That's where Gelen Robinson, Glenn's youngest son, was watching the ceremony, wearing his high school letterman jacket. Father then introduced his son, the incoming Boilermaker linebacker, who received a loud ovation from the Mackey Arena crowd.
Purdue is a special place for Robinson. Thursday night brought more memories he won't soon forget.
"This is a special moment," Robinson said. "This is the foundation of my career. If it wasn't for Purdue, I don't know where I would be, where I would've gone and what kind of NBA career I would've had."
As it turned out, Robinson had a stellar NBA career. The first overall pick of the 1994 draft, he was a two-time All-Star and champion with the 2005 San Antonio Spurs. He averaged 20.7 points per game over the span of 11 seasons.
But Thursday was about Robinson's time in West Lafayette, where he earned National Player of the Year honors in eight forms during an impressive career with coach Gene Keady. In speaking of his former teammate, current coach Matt Painter said it's Robinson and Rick Mount as the two greatest Boilermakers.
"Very rarely are you around greatness," Painter said. "He was great."
Robinson entered the Purdue program as a slender, undersized forward, but would become the Big Dog over time. Coach Keady was there to encourage him to become a dominating center, and he progressed throughout his four years.
"[Keady] gave me the confidence to go out and work on those things," Robinson said.
Memories returned to Robinson as he was honored on Keady Court. He recalled one of his fondest moments, the 49-point game against Illinois on Senior Night. But there was a new pride—what his sons have accomplished.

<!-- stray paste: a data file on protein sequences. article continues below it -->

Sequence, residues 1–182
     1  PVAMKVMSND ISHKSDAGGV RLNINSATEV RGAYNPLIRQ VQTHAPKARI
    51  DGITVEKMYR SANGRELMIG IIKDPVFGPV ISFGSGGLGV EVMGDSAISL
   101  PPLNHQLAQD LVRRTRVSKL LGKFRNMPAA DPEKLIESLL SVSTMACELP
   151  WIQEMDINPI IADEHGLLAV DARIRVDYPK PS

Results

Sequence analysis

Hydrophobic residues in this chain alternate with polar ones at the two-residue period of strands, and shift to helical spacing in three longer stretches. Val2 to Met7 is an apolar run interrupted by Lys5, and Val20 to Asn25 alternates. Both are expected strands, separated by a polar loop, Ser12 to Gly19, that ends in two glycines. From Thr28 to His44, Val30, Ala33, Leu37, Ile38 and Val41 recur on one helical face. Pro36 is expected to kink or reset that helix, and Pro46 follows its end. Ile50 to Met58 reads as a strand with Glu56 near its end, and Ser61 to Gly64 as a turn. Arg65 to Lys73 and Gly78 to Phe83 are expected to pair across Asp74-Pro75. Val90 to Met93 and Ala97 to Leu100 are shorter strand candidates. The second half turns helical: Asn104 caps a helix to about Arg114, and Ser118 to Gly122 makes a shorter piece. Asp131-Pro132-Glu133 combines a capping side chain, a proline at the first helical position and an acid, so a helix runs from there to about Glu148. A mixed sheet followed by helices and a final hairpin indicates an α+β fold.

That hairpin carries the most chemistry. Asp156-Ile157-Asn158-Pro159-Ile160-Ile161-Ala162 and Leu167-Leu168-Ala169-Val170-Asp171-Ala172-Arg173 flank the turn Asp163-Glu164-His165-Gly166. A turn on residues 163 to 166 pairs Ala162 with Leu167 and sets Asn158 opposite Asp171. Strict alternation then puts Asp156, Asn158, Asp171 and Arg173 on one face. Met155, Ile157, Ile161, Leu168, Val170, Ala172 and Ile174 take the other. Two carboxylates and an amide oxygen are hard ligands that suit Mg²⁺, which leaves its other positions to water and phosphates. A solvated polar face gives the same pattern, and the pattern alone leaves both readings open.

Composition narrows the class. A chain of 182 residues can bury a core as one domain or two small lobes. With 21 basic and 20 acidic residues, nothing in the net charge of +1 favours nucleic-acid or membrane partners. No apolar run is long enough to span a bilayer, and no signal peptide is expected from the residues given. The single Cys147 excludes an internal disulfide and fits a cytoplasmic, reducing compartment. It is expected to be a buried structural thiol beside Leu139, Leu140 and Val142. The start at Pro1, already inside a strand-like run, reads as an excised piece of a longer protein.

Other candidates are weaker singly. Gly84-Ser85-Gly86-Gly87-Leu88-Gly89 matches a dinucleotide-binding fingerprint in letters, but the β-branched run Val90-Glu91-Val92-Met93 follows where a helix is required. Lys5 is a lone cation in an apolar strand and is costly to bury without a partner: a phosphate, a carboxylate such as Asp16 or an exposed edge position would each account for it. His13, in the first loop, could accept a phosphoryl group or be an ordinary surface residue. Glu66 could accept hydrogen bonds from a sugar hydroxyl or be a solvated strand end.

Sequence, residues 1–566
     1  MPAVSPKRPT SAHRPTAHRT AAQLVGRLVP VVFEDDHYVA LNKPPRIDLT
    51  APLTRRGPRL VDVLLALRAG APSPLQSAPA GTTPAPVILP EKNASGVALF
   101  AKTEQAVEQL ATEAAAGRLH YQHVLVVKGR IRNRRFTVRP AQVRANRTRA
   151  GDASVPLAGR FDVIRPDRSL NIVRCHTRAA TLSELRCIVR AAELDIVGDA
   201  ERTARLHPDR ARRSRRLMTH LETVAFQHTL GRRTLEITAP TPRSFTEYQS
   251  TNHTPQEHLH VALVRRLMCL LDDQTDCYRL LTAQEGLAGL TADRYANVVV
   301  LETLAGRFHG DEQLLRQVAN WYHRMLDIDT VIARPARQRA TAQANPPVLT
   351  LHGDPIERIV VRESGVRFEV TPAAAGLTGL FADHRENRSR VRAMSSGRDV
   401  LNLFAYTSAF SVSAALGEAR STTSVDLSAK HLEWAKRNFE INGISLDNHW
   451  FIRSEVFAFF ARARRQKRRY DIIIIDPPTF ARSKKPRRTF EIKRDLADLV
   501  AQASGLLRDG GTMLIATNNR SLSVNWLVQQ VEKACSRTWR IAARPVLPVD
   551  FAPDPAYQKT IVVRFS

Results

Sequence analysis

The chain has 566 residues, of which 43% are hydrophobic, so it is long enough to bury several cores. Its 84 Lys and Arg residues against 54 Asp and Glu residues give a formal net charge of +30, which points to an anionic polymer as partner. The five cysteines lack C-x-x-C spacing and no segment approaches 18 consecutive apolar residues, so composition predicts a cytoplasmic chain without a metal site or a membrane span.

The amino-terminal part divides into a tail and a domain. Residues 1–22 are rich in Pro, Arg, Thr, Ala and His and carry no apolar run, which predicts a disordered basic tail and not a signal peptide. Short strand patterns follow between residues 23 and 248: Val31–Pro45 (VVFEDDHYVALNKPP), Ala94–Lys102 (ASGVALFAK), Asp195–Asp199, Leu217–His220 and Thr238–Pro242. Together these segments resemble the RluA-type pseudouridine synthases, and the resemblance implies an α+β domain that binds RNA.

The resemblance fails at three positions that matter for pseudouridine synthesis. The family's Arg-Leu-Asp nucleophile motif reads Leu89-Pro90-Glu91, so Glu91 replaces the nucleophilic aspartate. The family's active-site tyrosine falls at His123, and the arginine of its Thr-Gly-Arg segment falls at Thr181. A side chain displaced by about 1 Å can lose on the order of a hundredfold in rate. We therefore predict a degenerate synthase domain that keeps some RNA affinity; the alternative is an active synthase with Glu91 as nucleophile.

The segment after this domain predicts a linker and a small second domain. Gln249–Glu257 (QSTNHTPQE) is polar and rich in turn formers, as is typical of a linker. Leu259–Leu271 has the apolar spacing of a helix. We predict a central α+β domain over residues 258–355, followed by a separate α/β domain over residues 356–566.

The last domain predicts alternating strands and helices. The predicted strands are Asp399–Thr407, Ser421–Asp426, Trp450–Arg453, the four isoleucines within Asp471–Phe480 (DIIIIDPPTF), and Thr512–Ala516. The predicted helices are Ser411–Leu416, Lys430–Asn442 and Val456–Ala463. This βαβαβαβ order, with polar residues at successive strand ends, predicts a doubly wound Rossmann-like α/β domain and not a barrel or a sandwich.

Glenn Robinson III, the eldest child, is a star at Michigan who played for the championship last season. He has NBA aspirations after his time in Ann Arbor. His youngest son never considered basketball, but wanted to be a Boilermaker.
Gelen Robinson picked Purdue on his own, that after earning a scholarship offer from the Boilermakers and several other Big Ten schools. This wasn't a generous offer to a legacy; the linebacker is poised to become a star on the gridiron at Purdue. He'll do so donning his father's 13 on the jersey.
"It's like a reincarnation," Glenn said. "It's me all over again. I feel like I'm watching myself out there. That's special, to be able to come to Purdue, but he earned a scholarship. He did it on his own.
"That's the goal. Everybody wants to see their kids succeed in whatever they do."
Long after Purdue had fallen to Michigan State, there was Robinson alongside friend Brian Cardinal, signing autographs for fans and posing for pictures. Off to the side was Gelen, taking in his father's moment.
A new Robinson legacy is set to form, something the Big Dog can cherish.